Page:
The 1975 Queen song “Bohemian Rhapsody” is famously complicated. And, perhaps not surprisingly, the eight-year-long journey to the big screen for Bohemian Rhapsody, the movie about the legendary rock band Queen and lead singer Freddie Mercury, is a complicated one, with accusations, denials, and just strange tales flying.
Its release date is November 2, 2018, with the premiere of the trailer in July drawing a lot of excitement. Yet the stories of strife abound too.
“It was frustrating,” producer Graham King told Rolling Stone. “By hook or by crook I was determined to make this movie.”
Twentieth Century Fox’s own description of its film is: “Freddie Mercury defied stereotypes and shattered convention to become one of the most beloved entertainers on the planet.”
“The film traces the meteoric rise of the band through their iconic songs and revolutionary sound,” the description continues. “They reach unparalleled success, but in an unexpected turn Freddie, surrounded by darker influences, shuns Queen in pursuit of his solo career. Having suffered greatly without the collaboration of Queen, Freddie manages to reunite with his bandmates just in time for Live Aid.”
According to Rolling Stone, “The saga begins nearly a decade ago, when [Queen] guitarist Brian May began mentioning a potential Queen movie that would feature Sacha Baron Cohen playing Freddie Mercury.”
“Talks between the two camps broke down very early in the process, however; in 2016, the Borat star gave his side of the story to Howard Stern, claiming that a member of the band said that Mercury would die halfway through the movie.”
May had seemed to exult in the fact that Cohen playing Freddie Mercury would shock a lot of people. But Cohen later criticized him and claimed that May’s intentions for the biopic centered on protecting the band’s legacy rather than a “gritty R-rated tell-all centered around the gifted gay singer,” according to Deadline.
May shot back at Cohen, calling the Borat star an “arse,” claiming Ben Whishaw would replace the comedian. “We decided he wasn’t right for the role for very good reasons, which will become apparent if you watch what he’s done recently,” May told the Daily Mail.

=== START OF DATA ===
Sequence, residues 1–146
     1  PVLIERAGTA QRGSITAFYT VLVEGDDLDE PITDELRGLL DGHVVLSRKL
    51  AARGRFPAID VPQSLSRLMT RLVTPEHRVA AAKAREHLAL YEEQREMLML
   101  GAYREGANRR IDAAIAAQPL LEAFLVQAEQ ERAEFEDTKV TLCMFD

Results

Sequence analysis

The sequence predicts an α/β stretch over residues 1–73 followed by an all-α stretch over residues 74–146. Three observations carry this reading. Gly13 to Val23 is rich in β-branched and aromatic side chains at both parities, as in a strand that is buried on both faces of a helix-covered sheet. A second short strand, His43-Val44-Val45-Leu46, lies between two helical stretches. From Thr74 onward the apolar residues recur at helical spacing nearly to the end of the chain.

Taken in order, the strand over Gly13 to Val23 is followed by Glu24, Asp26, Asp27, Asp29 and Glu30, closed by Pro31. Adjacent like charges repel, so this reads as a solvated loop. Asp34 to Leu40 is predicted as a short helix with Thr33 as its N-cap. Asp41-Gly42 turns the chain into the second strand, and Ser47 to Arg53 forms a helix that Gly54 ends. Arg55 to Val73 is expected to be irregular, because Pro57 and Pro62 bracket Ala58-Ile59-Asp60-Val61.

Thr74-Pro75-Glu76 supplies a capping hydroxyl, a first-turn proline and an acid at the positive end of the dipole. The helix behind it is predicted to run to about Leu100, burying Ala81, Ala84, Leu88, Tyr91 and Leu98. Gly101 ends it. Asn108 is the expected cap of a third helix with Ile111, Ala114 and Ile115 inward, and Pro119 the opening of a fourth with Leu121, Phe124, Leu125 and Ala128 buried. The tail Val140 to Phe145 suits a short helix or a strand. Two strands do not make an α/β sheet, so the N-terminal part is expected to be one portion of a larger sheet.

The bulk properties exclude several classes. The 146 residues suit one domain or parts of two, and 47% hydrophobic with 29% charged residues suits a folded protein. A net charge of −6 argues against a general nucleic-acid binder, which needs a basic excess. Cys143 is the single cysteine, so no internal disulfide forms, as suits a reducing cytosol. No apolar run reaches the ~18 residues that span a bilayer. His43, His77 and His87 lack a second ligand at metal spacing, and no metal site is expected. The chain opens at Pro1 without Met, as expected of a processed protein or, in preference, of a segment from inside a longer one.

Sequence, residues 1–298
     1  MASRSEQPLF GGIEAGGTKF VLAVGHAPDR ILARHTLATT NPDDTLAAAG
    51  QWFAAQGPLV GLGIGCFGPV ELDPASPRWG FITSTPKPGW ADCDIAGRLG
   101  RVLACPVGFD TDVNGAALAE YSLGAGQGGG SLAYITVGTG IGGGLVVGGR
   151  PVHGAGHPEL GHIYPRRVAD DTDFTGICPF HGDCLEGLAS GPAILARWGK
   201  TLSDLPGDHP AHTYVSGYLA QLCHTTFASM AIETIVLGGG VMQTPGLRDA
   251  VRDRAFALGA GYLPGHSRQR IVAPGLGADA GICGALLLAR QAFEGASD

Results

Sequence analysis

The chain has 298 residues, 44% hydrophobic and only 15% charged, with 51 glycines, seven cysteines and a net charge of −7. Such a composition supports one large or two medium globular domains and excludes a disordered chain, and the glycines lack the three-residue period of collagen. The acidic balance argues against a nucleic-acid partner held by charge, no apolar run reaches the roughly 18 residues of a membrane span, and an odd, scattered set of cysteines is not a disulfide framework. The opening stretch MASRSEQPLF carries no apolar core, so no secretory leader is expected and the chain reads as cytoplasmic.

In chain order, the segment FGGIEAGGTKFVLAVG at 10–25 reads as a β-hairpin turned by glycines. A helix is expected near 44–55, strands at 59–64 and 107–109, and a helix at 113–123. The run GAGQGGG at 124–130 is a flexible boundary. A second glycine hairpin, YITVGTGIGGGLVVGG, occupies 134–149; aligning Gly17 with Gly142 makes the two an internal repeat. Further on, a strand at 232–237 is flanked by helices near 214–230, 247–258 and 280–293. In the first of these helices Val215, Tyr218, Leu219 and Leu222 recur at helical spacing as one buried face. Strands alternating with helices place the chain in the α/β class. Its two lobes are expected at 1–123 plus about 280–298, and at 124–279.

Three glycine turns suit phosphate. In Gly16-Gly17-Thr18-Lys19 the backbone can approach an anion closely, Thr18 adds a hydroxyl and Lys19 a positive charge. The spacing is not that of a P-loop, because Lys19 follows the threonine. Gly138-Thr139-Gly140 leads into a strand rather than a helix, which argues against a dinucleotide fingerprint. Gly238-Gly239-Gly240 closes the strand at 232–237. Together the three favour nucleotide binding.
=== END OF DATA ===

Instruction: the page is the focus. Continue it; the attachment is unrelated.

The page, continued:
Producer King had a totally different take on the casting. “Sacha was never officially attached to this project,” King said to Rolling Stone. “I never thought Freddie could be played by a white actor. And there was never a script where Freddie Mercury dies halfway through the movie. Never. I kept my mouth shut through that whole thing, but I’ll go official on that now.”
Rami Malek as Freddie Mercury
Ben Whishaw, however, never took on the role.
In 2016, Rami Malek, 37, was officially cast as Freddie Mercury, who was born Farrokh Bulsara of Parsi descent in Zanzibar City, Tanzania on September 5, 1946.
Malek, born in Los Angeles of Egyptian parents, is known for his versatility. He won early praise as a fearless New Orleans native serving in the Marines in The Pacific, and has impressed audiences and won awards for his role in Mr. Robot: “a brilliant but highly unstable young cyber-security engineer and vigilante hacker.”
The other controversy of Bohemian Rhapsody is over its director.
Eddie the Eagle director Dexter Fletcher was hired in 2014 but quit the film citing creative differences with producer King over what he believed should have been an R-rated film on Mercury’s life, media reports say.
The next director hired was Bryan Singer, famous for X-Men and The Usual Suspects. Near the end of the shoot, Twentieth Century Fox announced that Singer had been removed from the film. Rumors flew that Singer did not get along with King and some of the cast.
However, in his own statement, Singer said, “With fewer than three weeks to shoot remaining, I asked Fox for some time off so I could return to the U.S. to deal with pressing health matters concerning one of my parents.
This was a very taxing experience, which ultimately took a serious toll on my own health. Unfortunately, the studio was unwilling to accommodate me and terminated my services. This was not my decision and it was beyond my control.”
Remarkably, Dexter Fletcher was brought in to finish the directing of the film — and yet Bryan Singer will receive sole on screen credit.
Bohemian Rhapsody centers on the Live Aid concert in 1985 and does not show events beyond that year. Freddie Mercury died of AIDS-related illnesses in 1991.
Malek, who researched the part extensively, said in an interview that making the movie filled him with respect for Mercury. “Here’s a man that would sing ‘We Are The Champions’ in an arena to thousands of people and they’re all singing it back to him.”
“His ability to unify people, no matter who they are, was so far ahead of it’s time. I can’t think of anyone else that was capable of that.”
Nancy Bilyeau, a former staff editor at Entertainment Weekly, Rolling Stone, and InStyle, has written a trilogy of historical thrillers for Touchstone Books. For more information, go to www.nancybilyeau.com.